Supreme Court of Judicature (Appeal) (Amendment) Bill2974 07 Feb, 2013
Ms. Shadick: I agree that this Bill is late, but it is here and in it I can see hope for victims of especially crimes such as rape, crimes of a sexual nature.
We picked out some things and we said Barry Dataram’s case and Henry Greene’s case – God rest his soul - moving, and so on, but there are things that are nearer to us. There were children who were sexually abused by predators. I remember one case where a very prominent member of the Guyanese society was charged with sexually abusing young girls of one family and the matter went to the Magistrates’ Court, but because that prominent member had money and could have taken a lawyer, he did what people did, in the case of the late Henry Greene, but in this case the charges were already laid. Their argument was… I went to court fifty-one times and that matter did not finish, so the High Court must rule that the matter must be dismissed.
Nobody, in all of this, lawyers and fees and High Court, and all of those things, thinks of the victims, those people who have no voice and were not able to speak for themselves because, in the beginning, in the Magistrates’ Court, they could not have taken lawyers. They were being represented by police prosecutors.
Mr. Speaker: Ms. Shadick, I hope one of the lawyers, who speaks tonight, rebuts that, that we show no consideration for the victim.
Ms. Shadick: I am not saying that we do not show. I am saying that in the whole scheme of things, when the High Court made that decision, that that matter must finish because that person had gone on and he had been negatively impacted by this matter. He had become, whatever you want to call it,… [Mr. Nandlall: Suffered miscarriage of justice.] He had suffered miscarriage of justice because his matter had been called in the Magistrates’ Court fifty-one times and not concluded.
The decision was made in favour of the perpetrator of sexual abuse against children. Those children had no voice in that. That matter, having been dismissed, and so on, could not have been appealed because of this law. There are many such as those. I agree with my honourable friend about when somebody applies for bail and it is not granted, because it originated from a criminal cause or action, the decision of the High Court, which did not grant the bail, is not appealable. I agree. Whilst it is advancing our legal system and it is revising our laws and is taking us to a place where other countries are, what I am looking at is that it is a law that will help to give those voiceless people, those victims of the criminal enterprise a little more hope that there will be justice somewhere on the horizon, whether it is with our Court of Appeal or the Caribbean Court of Justice.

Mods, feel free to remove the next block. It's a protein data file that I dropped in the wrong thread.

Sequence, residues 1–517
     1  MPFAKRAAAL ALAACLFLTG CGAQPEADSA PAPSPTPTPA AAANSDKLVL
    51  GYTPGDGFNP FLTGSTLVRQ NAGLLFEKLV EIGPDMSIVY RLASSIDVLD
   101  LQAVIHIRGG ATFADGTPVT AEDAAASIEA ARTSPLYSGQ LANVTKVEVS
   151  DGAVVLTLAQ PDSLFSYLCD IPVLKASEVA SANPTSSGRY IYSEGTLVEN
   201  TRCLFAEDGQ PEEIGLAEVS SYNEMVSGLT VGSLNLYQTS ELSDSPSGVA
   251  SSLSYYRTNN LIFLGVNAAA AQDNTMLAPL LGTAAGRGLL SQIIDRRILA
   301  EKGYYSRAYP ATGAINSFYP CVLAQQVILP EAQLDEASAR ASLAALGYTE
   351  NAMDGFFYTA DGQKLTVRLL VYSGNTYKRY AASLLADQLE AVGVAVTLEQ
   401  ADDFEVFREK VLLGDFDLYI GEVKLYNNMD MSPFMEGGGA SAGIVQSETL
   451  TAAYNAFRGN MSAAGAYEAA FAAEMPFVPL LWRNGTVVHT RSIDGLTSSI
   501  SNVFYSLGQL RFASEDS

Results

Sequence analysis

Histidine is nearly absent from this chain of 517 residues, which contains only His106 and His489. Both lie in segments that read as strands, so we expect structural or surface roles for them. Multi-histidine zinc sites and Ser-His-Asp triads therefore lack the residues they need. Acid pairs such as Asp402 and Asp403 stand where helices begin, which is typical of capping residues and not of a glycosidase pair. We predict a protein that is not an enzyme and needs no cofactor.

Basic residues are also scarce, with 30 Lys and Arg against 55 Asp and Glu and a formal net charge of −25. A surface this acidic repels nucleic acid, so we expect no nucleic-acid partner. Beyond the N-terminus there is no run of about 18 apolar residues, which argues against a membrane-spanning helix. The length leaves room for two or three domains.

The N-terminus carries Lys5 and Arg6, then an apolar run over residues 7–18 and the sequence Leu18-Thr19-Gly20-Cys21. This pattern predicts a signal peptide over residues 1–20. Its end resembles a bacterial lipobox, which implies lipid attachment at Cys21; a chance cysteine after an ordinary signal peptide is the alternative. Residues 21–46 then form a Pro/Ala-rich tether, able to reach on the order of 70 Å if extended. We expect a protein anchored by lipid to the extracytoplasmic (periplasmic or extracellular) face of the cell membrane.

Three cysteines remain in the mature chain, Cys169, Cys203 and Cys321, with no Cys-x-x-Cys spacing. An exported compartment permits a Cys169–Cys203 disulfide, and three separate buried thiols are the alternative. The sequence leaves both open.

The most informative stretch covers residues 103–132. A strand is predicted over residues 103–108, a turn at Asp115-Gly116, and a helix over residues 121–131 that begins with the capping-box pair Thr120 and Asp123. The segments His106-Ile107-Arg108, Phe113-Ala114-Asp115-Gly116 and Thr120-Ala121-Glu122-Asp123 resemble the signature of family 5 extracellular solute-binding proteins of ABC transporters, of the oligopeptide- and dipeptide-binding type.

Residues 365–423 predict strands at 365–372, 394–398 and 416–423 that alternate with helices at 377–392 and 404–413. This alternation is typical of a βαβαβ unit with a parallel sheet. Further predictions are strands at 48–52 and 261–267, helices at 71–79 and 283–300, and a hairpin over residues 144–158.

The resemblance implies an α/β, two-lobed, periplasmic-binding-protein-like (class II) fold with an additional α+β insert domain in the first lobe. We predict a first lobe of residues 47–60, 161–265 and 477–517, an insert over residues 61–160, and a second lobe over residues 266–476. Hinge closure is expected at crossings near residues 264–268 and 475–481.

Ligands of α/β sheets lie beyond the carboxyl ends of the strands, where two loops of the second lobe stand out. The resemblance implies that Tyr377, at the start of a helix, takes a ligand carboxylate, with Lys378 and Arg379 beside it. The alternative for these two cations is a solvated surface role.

We need to understand that in any criminal enterprise there is a victim and the perpetrator is the one that is charged, and so on. That one goes to court and that one gets all… He goes to that… under this law he gets…The victims are the ones who have to get the justice, the people who have suffered, and those are the ones I want to remind this House about tonight. Those are the ones for whom I am extremely happy tonight that it seems as if this Bill will pass unanimously. It seems as if this Bill meets with the approbation of everybody in this House because it long overdue. We know that it is long overdue. I heard somebody said that it is twenty years too late. I do not want to say that it is too late, but it is late, and it is never too late to correct an injustice.